San Francisco Dogfish players Tyler Grant and Kevin Smith are longtime veterans of the Bay Area Ultimate club scene and won the Mixed Division Championship in 2006 together with their team, Mischief. Known for his size and remarkable taste for sandwiches, Tyler always works hard on the field. He wears down opponents and often ends up making important plays late in games. Kevin is a handler with a reputation for big throws, the type of player a team can rely on to score tough up-wind goals.

Tyler’s layout catch from Kevin against the Seattle Rainmakers was the MLU’s “Waveborn Offensive Play of the Week.” Both Seattle and San Francisco were missing some of their top players for this game, but the Rainmakers had outplayed the Dogfish in the second quarter and looked in control. This goal cut the Seattle’s lead down to 10-6 and started a four-point run that got the Dogfish back into the game. San Francisco made a remarkable comeback to win 16-14.

We sat down together and watched the clip, maybe more than once.

Javier Carey: So tell me about the play.

Tyler Grant: It was the first point after half, a hell point. The play came after three hucks to Jordan [Jeffery]: one from [Evan] Boucher, one from Kevin [Smith] and one from Cassidy [Rasmussen], and people were exhausted. I was covering [Tyler] Kinley and I forget how I ended up on him, I got switched somewhere. I was normally downfield. Being by the handlers was different but in this case it was opportune. There was a big swing to Kinley and I made it difficult for him to throw the break. They hadn’t moved the disc up field and we were keeping them on one side.

Reid [Koss] was looking to throw an upfield break initially. Meanwhile, I decided to sit in the lane, screwing up the open side to prevent an easy upfield strike. I left Kinley open because he wasn’t a threat in that spot so close to the sidelines. Reid then chose to go break and Kevin got a point block.

JC: Kevin how did you feel about that block?

Kevin Smith: It felt pretty good. It was a long point and we had turned it over three times. Coming out of half and being down, and having been broken a few times in the second quarter we really needed the point. As the offensive unit turning it over there’s a real perogative to get the disc back. The great thing about the block is that it created a huge opportunity getting the disc near the goal and not having to work it up in the wind.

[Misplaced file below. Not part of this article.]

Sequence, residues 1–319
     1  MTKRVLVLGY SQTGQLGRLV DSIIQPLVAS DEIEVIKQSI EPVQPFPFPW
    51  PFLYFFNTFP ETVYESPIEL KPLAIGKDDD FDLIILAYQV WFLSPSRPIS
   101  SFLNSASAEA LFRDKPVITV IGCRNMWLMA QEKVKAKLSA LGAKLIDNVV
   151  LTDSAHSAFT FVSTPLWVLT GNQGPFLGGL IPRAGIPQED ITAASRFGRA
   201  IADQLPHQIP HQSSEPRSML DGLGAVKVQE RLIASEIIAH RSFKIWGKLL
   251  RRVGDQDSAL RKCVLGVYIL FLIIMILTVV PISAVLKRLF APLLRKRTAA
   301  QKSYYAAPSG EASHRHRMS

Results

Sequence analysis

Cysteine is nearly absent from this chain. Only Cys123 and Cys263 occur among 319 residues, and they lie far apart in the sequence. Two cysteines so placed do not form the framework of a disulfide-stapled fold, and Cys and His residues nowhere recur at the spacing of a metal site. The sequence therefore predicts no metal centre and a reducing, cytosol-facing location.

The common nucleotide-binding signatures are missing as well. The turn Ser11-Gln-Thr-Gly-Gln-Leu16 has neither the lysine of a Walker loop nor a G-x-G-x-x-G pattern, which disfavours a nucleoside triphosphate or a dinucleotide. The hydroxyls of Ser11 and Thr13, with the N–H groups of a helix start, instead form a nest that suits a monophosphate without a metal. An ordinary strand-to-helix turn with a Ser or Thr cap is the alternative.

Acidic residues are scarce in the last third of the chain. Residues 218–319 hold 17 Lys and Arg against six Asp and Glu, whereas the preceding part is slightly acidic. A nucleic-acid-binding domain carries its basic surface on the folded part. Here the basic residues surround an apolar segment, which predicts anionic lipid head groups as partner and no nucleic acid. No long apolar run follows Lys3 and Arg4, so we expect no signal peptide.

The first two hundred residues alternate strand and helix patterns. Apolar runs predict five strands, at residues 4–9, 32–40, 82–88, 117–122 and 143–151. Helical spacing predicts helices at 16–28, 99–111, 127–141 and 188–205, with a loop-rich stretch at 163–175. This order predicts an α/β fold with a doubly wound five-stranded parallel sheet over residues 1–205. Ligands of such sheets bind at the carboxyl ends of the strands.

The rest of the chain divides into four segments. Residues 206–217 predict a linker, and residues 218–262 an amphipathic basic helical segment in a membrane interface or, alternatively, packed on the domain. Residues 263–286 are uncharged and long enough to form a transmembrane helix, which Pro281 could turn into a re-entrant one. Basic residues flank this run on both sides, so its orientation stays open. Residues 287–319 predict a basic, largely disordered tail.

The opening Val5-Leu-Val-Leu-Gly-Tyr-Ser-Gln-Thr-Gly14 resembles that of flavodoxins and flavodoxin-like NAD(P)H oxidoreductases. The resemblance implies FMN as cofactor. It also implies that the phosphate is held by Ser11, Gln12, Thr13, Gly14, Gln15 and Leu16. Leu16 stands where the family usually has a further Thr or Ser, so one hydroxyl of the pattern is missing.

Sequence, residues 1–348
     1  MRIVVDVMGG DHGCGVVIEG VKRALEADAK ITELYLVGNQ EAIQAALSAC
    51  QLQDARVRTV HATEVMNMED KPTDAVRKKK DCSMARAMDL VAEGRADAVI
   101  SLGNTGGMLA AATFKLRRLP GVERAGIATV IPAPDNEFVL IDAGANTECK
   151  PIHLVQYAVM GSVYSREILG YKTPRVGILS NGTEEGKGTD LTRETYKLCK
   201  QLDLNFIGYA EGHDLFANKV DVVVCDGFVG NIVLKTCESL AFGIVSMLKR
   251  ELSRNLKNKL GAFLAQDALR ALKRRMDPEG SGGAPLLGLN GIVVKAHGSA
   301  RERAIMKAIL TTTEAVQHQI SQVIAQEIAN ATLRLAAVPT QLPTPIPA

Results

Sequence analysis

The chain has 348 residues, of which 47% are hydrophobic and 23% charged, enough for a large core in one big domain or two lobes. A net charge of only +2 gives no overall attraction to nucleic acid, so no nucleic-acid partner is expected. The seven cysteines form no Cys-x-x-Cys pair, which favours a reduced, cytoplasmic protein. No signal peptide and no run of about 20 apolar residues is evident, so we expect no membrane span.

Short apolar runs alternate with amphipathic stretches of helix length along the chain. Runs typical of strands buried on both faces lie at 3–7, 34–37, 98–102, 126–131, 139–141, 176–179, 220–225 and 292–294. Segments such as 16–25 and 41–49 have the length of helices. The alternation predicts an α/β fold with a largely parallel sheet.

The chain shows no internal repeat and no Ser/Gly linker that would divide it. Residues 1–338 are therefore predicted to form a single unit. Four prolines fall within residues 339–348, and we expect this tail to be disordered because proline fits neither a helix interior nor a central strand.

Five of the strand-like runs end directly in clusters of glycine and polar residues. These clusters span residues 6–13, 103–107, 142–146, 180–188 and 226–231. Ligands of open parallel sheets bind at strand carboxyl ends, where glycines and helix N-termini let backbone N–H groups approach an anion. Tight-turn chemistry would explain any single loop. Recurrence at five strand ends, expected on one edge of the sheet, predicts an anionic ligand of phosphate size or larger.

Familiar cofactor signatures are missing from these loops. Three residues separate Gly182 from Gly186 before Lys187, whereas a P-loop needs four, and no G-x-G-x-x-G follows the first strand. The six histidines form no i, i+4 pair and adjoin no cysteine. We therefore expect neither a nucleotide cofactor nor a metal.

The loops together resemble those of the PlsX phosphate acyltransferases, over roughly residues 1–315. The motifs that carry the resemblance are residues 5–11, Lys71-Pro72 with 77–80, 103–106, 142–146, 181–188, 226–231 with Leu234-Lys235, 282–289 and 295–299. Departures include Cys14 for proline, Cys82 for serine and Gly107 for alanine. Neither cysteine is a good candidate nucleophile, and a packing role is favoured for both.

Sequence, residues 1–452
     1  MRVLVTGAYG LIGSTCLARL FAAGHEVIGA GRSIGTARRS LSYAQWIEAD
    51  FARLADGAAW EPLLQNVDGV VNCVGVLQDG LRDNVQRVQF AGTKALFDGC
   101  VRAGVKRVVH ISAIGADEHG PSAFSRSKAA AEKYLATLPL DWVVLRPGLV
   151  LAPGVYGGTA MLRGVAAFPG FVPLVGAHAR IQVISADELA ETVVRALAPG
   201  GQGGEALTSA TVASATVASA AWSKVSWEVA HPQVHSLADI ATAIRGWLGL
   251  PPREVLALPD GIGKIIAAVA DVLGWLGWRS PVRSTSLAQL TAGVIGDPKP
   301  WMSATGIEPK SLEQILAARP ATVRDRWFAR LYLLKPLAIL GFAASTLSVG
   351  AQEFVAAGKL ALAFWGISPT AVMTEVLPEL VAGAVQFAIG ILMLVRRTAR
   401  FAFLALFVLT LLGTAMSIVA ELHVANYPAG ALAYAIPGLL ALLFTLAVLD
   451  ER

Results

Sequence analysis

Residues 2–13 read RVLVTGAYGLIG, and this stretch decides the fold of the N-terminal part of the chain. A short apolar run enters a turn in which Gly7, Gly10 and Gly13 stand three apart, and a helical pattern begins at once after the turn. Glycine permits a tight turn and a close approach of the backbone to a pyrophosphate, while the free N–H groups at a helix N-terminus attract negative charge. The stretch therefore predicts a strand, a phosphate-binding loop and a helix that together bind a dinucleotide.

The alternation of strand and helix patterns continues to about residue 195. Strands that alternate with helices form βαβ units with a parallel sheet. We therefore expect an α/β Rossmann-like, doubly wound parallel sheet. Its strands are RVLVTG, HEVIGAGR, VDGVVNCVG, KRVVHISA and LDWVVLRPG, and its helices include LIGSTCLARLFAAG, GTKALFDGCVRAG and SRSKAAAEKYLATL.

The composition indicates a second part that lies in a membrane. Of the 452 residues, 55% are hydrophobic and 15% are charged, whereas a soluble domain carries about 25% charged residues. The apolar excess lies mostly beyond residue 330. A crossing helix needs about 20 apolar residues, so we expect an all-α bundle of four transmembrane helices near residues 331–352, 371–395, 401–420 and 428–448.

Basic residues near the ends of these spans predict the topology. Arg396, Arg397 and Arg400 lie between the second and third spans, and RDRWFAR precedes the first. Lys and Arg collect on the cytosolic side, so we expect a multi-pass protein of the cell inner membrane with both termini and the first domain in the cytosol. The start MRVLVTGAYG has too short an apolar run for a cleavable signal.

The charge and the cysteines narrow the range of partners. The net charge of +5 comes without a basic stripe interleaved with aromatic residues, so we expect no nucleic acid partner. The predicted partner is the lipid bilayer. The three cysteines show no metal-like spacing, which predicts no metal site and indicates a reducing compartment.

JC: What happens next? How quickly did you recognize that you had Tyler open?

KS: Yeah, I went to pick the disc up right away. It was looking like it was going to be Tyler one on one and I had my heart set on throwing it to him. I knew his defender was going to be extra careful on the open side so close to the goal. If I had gotten there quicker I could have gotten it right to him, but then Devon [Anderson] and Evan [Boucher] ran through.

TG: Being one on one with a size mismatch makes it especially hard for the D to shut you down, even more so if you know your thrower. I’ve played with Kevi on and off for a really long time.

JC: How long?

TG: Just a really long time… At first I point to the back corner and I know Kevi can put it out there, there’s tons of space and I’ve got height. But he backs off because the guys come across. I look open side, but then the break side opens up. I saw it was a flat mark. I signaled but Kevin was already throwing it and all I had to do was go run it down.

JC: What do you say about the sandwich call from the announcer?

TG: I would say that I’m friends with the announcer…